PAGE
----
A nonprecision approach is a much more complex procedure that (a) requires a bunch of turns in the clouds, fairly slow and low to the ground, (b) makes the pilot(s) solely responsible for the airplane's position, and (c) requires the airplane to stay at a higher altitude if the pilot cannot see the runway. The good thing about nonprecision approaches is that they enable you to get into small airports on bad-weather days.
One often hears of very capable airplanes, such as King Airs, piloted by two professional pilots, crashing while attempting nonprecision approaches. In NTSB case IAD03FA043, for example, the pilots lost control of the airplane after breaking out of the clouds. They were attempting a circle-to-land approach at a smallish airport. It is worth noting that most scheduled airlines have found that they are unable to train their pilots to perform with adequate consistency on circle-to-land approachs and therefore these maneuvers are simply not authorized. They land straight in, almost always on an ILS, or they go elsewhere. Senator Paul Wellstone died in a King Air during a nonprecision approach in which the pilots apparently became distracted in the clouds and failed to maintain sufficient airspeed (see Star Tribune archive).
How can one apply this philosophy to Part 91 single-pilot operations in which almost everything is legal but almost nothing is safe? If the weather is bad and there is a bigger ILS-equipped airport near your destination, land there and drive an extra 45 minutes. Set minimums for yourself on nonprecision approaches, e.g., "I will go missed [abandon the approach] if I do not break out at least 100' above the nearest terrain or obstruction within 10 miles of the airport". This kind of minimum implies that you are only going to land out of a nonprecision approach in fairly flat terrain and/or with fairly good weather.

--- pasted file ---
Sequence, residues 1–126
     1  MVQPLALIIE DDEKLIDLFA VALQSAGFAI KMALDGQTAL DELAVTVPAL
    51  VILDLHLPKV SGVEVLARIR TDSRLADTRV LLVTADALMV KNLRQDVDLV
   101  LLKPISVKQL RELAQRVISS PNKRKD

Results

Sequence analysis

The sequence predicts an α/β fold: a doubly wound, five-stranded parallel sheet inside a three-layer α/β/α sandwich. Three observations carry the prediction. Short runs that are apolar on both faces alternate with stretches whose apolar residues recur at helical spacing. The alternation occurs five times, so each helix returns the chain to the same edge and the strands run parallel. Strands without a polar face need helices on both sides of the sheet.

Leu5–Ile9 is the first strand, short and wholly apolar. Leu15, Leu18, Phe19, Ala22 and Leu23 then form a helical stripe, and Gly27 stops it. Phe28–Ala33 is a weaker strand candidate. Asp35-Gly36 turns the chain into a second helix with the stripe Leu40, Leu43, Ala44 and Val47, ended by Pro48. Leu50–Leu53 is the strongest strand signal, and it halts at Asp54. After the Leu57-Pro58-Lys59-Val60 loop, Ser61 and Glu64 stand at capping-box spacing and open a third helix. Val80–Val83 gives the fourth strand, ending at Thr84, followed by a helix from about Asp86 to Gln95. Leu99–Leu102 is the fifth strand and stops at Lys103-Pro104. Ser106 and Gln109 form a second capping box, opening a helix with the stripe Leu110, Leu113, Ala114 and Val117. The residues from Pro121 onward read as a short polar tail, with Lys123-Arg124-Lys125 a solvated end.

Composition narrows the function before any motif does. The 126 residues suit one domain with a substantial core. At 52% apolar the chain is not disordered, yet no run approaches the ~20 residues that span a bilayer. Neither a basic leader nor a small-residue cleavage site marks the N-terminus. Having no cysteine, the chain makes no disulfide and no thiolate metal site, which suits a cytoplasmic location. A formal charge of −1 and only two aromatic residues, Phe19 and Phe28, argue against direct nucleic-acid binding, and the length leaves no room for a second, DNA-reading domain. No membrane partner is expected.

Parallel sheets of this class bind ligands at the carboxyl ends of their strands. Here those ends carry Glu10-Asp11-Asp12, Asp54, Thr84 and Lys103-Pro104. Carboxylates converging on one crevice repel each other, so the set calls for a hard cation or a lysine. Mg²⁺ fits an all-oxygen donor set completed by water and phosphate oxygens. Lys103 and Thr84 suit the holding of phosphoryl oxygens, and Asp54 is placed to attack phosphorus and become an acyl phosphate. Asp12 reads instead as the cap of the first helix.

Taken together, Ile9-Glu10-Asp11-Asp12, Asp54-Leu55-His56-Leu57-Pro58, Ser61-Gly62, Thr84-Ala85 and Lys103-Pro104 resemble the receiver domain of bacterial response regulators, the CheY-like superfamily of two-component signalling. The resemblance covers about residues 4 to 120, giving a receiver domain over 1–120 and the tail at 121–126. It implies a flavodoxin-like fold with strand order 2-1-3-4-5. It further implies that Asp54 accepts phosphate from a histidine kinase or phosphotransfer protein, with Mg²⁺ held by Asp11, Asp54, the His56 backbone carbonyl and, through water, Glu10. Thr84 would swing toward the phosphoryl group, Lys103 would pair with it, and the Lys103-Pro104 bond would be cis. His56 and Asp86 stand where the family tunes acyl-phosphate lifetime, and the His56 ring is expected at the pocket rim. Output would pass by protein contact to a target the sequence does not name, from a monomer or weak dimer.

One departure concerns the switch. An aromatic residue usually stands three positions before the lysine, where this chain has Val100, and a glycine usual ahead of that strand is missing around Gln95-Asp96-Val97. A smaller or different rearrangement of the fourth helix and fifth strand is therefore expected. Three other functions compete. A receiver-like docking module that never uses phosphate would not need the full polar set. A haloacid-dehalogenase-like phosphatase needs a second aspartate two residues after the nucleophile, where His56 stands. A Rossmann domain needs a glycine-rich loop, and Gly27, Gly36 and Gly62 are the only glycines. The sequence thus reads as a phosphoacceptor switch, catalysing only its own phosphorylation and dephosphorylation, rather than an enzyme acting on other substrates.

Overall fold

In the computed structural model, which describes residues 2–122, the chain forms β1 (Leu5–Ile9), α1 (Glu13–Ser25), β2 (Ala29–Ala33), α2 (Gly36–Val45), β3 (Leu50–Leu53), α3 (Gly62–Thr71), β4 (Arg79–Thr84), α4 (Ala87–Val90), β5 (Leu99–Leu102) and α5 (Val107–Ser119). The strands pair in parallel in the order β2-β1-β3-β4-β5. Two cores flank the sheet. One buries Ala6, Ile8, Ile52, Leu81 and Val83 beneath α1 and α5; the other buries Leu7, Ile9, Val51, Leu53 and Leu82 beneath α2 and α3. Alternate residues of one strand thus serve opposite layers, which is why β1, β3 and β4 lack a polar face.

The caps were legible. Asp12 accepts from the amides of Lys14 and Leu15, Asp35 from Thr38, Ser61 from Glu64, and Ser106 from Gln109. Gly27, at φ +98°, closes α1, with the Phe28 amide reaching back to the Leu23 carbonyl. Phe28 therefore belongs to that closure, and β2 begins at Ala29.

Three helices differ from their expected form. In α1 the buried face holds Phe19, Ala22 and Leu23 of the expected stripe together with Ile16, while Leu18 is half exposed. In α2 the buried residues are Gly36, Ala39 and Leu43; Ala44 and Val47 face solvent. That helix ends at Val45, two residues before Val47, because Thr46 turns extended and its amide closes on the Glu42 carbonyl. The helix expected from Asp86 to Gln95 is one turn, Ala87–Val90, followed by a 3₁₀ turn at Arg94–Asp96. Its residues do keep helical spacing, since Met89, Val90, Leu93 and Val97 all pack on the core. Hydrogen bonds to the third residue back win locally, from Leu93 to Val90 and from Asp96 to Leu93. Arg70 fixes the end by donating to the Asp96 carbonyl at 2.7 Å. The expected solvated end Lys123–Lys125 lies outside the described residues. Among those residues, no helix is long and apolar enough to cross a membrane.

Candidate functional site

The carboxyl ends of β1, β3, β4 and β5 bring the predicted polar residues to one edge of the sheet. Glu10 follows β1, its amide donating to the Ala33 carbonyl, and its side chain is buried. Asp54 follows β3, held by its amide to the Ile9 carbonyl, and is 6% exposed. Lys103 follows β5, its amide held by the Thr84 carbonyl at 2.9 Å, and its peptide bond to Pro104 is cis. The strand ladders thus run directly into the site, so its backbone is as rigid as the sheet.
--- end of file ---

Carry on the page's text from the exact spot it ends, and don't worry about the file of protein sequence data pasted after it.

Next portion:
In 1995, the FAA decided that it might be time to use the GPS system to bring ILS-style approaches to small airports at which it did not make sense to install ground-based navigation aids. The GPS system, as designed in the 1970s, is very accurate for lateral navigation (LNAV, or your latitude/longitude). It is not so great at vertical navigation (VNAV, or your height above sea level). The Wide Area Augmentation System or "WAAS" is a system of satellites and ground stations that provide GPS signal corrections and enable accuracy to within roughly 10 feet vertically and 5 feet laterally. Given WAAS, it is possible to design a "LNAV/VNAV" approach that will take a pilot safely down to within 250' of the runway, using only equipment inside the airplane. The new more precise approaches are referred to as "LPV", which stands for "localizer performance with vertical guidance".